Formula One departed Suzuka and bound for Sochi with the thoughts of everyone involved in the sport firmly left behind with Jules Bianchi - as the Marussia driver fought for his life in a Japanese hospital.

Lewis Hamilton beat Mercedes team-mate and pole sitter Nico Rosberg to victory in a race affected by rain but his now 10-point championship lead was sub-text following a Japanese Grand Prix which was ended prematurely after a freak accident left Bianchi requiring surgery on a severe head injury.

The 25-year-old Frenchman crashed into a recovery vehicle after aquaplaning off the wet track at the same corner as Sauber's Adrian Sutil, who had left the circuit on the previous lap.

Sutil's car was still being removed from the area when Bianchi reached the scene of the accident and he hit the recovery vehicle, with the race being red-flagged shortly afterwards on lap 46.

The running of the race had been under threat all week as Typhoon Phanfone approached Japan from the Pacific Ocean, and the event had already been red-flagged just two laps in after beginning under safety car conditions.

The race continued after the weather cleared up but the rain began to fall in the closing stages ahead of both Sutil and Bianchi's accidents.

All of the drivers were subdued following the event, with Hamilton, Rosberg and fellow podium finisher Sebastian Vettel all passing on their best wishes as news about Bianchi's injuries began to filter through.

"Our first thoughts go to Jules," Hamilton said. "It overshadows everything else when one of our colleagues is injured and we are praying for him. Next to this, the race result doesn't seem significant at all."

The FIA, Formula One's governing body, issued a statement alongside Marussia later in the evening confirming more details about Bianchi's crash and his condition.

"On lap 42 Adrian Sutil lost control of his car, spun and hit the tyre barrier outside of turn seven," it read. "The marshals displayed double-waved yellow flags before the corner to warn drivers of the incident.

"A recovery vehicle was dispatched in order to lift the car and take it to a place of safety behind the guardrail. While this was being done, the driver of car 17, Jules Bianchi, lost control of (his) car, travelled across the run-off area and hit the back of the tractor.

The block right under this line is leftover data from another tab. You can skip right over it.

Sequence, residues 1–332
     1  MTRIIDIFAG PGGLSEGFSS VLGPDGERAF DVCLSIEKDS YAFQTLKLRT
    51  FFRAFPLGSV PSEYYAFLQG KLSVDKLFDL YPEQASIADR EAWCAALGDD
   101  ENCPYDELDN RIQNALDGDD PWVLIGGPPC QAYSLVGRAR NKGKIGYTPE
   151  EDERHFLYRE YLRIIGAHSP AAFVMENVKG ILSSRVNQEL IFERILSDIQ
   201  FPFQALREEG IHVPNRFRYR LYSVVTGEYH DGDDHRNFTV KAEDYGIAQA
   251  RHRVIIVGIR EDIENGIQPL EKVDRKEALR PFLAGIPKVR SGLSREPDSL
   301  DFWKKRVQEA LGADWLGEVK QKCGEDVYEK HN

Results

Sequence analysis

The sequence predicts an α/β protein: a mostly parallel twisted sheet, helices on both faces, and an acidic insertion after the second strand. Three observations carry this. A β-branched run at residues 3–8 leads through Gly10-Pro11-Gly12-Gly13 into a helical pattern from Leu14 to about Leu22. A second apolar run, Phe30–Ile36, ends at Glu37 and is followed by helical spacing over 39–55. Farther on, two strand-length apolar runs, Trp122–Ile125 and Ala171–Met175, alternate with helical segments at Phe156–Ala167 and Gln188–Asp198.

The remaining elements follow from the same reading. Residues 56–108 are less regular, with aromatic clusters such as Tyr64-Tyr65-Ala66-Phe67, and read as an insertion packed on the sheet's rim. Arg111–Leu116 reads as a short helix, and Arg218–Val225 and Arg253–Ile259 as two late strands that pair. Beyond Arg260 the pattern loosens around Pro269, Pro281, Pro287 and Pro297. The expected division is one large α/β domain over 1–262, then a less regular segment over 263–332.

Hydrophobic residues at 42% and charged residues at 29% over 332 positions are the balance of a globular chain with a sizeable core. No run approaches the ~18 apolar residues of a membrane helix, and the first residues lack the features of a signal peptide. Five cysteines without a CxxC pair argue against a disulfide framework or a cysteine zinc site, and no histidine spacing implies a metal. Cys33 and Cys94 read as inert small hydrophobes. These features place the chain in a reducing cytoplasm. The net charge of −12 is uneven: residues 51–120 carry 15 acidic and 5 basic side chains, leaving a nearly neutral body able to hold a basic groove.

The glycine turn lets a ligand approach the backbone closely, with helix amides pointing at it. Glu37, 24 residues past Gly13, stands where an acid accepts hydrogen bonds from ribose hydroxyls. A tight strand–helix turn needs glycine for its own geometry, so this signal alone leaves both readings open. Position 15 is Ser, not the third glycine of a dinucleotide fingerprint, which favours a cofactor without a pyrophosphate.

"Once the marshals reported that the driver was injured, medical teams were dispatched and the safety car was deployed. These were followed by an extrication team and an ambulance.

"The driver was removed from the car, taken from the circuit medical centre and taken by ambulance to Mie General Hospital.

"The CT scan shows that he has suffered a severe head injury and is currently undergoing surgery. Following this he will be moved to intensive care where he will be monitored."

"I was already screaming on the radio five laps before the safety car that there was too much water on the track, but they took a bit too long and it was dangerous." - Felipe Massa

Niki Lauda, who famously refused to drive in torrential rain at the 1976 Japanese Grand Prix and effectively handed the title to James Hunt in the process, defended the decision to run this year's race.

"Motor racing is dangerous," the three-time world champion said. "'We get used to it if nothing happens and then suddenly we're all surprised but we always have to be aware that motor racing is very dangerous and this accident today is the coming together of various difficult things.

"One car goes off, the truck comes out and then the next car goes off. It was very unfortunate.

"In the end the rain was not the real issue of the race. There were safety cars put in and the race was run safe more or less to the end so it could have been run to the end without the accident."

Sutil himself has since suggested the safety car should have been sent out after his initial shunt.

"The car came out to rescue my car and then it all happened," he said. "With respect to this corner, I think everyone knows this is one of the most tricky corners and when it is getting late and the rain increases, let's say when you have an accident there you should probably think about a safety car.

"It was quite difficult. In the end we got more rain and it was dark so was getting less and less (good visibility) and this corner was a tricky one the whole way through.

"In the end, when it got dark, you couldn't see where the wet patches were and that is why I lost the car and it really surprised me. It hit him hard. That is all I can say. I was just standing there. We know that it is serious at the moment."

Not since Aytron Senna died at Imola in 1994 has a driver lost their life following a crash during a race.

Felipe Massa was left in a critical state in 2009 after he was hit on the helmet, just above his left eye, by a spring that had detached from Rubens Barrichello's Brawn.

Now at Williams, Massa said he was trying his best to get the race called off in the run up to Sutil and Bianchi's accidents.

"I'm very worried," said the Brazilian. "I was already screaming on the radio five laps before the safety car that there was too much water on the track, but they took a bit too long and it was dangerous."

The Marussia team are no strangers to fatal injuries after Spaniard Maria De Villota passed away almost a year ago, with the injuries she sustained during a crash in a testing session back in July 2012 highlighted as the cause.

Hopefully Bianchi will pull through as F1 heads off to start its association with Russia, not concerned with the duelling Mercedes pair, Vettel's imminent move to Ferrari of where Fernando Alonso will drive next season - but purely on the condition of Bianchi.

Formula 1 driver in critical condition following Japanese Grand Prix crash